New Hybrid Technologies Boost Efficiency

By dancurranjr On December 18th, 2009

2010_toyota_priusIt’s the little things that count.

In the continual search to squeeze every last little erg of energy from its hybrid systems, Toyota has been continually tweaking the systems used in the Prius and using this knowledge in other Toyota and Lexus models. The culmination of these new developments can be found in the third-generation 2010 Prius.

These new systems are aimed at reducing parasitic losses and increasing electric-only operation – resulting in lower fuel consumption and emissions. They also allow for faster cabin warm-up, increased precision of accessories and lower maintenance.

It all centres on the engine. Like the internal combustion engine in virtually every hybrid, regardless of manufacture, that in the Prius operates on what is known as the Atkinson cycle, named after James Atkinson who invented an alternative to the Otto cycle engine in 1882.

The power stoke in the Atkinson cycle engine is longer than the compression stroke, resulting in greater efficiency, i.e. mileage – but less power. The reduced power is a fair trade for improved mileage in a hybrid because the added torque from the electric motor more than makes up for it.

To further reduce the amount of fossil fuel required, Toyota has eliminated the accessory drive belts from the Prius engine. Normally the water and power steering pumps and the air conditioning compressor are turned/operated by a belt connected to the crankshaft. Obviously it takes power to turn these pumps and fuel has to be used to produce that power.

Toyota, and several other companies, have replaced these conventional pumps with electrically driven units, thus eliminating the belts and their parasitic drag on the engine.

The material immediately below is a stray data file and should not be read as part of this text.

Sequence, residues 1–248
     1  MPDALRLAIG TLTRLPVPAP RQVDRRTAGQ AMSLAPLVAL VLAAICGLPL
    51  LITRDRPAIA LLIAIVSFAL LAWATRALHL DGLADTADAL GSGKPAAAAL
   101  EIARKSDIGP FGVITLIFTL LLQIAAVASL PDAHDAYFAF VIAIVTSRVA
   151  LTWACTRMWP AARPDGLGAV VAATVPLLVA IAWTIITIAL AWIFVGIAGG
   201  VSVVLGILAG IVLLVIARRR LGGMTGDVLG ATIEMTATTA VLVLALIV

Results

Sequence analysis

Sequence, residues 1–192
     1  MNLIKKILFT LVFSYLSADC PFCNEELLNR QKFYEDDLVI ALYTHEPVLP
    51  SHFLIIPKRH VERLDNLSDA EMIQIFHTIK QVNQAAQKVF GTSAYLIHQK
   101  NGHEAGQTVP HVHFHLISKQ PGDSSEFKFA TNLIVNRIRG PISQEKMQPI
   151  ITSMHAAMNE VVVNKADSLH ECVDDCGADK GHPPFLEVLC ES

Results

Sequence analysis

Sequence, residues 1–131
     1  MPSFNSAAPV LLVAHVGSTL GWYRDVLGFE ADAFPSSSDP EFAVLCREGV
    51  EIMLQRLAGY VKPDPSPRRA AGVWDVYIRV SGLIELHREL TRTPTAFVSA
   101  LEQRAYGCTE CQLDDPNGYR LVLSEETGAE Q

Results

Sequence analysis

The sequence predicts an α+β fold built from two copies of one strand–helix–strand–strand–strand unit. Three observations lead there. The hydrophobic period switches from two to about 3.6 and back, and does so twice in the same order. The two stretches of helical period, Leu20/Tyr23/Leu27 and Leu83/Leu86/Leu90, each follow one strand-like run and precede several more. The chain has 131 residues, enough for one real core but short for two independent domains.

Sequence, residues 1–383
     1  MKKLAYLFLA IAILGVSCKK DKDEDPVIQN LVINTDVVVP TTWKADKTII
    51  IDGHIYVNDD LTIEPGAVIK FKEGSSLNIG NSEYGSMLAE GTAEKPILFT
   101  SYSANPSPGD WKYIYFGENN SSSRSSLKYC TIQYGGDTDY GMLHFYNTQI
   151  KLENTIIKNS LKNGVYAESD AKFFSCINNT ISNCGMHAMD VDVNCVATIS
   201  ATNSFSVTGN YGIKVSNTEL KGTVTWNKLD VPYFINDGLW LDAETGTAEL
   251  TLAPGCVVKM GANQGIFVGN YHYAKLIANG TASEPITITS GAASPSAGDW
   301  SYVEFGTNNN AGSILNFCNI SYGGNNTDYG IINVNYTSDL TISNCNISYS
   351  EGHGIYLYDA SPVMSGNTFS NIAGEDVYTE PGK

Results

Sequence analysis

A side benefit is that an electrically driven water pump, instead of turning all the time because it is connected to the engine, can be turned on and off as required. For example, in cold-start conditions there is no need to circulate cold fluid. By waiting for the fluid within the engine to become heated before engaging the pump, warm-ups are faster – both for the engine and the passenger compartment.

By regulating exhaust gas recirculation and taking advantage of the lower exhaust temperature inherent in the Atkinson cycle engine, Toyota engineers have been able to reduce the need to richen the mixture during high-load conditions, such as climbing grades, passing or during sustained high-speed driving.

The “cooled EGR” system allows precisely controlled amounts of spent exhaust gases to enter the intake stream, lowering exhaust gas temperatures from about 880 degrees C to 150 degrees, improving volumetric efficiency.

But there is a time when hot exhaust gases are a distinct benefit to hybrids – during cold weather.

The vast majority of the reduced fuel consumption and exhaust emissions result from shutting the engine off while the vehicle is stationary. This occurs most often in city or heavy traffic conditions, which is why hybrids are most effective in those settings. They are programmed to shut down once the vehicle has been at rest for a second or two and restart instantly when the driver’s foot is taken of the brake pedal.

But in cold winter weather, engine heat is required to keep the passenger cabin at a comfy temperature. The cold also means greater demand on the electric motor during restarts, especially until the engine is warm. At very cold temps, the batteries so essential to hybrid operation also become less efficient. So Toyota engineers developed a system that uses exhaust heat to raise coolant temperatures more quickly.

Exhaust heat is captured just downstream from the catalytic converter where it is hottest. A control valve forces this hot air stream to circulate in a closed chamber, heating coolant in a surrounding container. Once the engine gets up to proper operating temperature, a valve closes and the exhaust stream bypasses the recovery system and continues out the pipe in the normal manner.

This system allows the use of the engine stop feature more quickly on cold days – improving mileage on those short hauls to work.

Individually, these approaches make only incremental improvements. Collectively, they make a big difference.

SOURCE: The Globe and Mail

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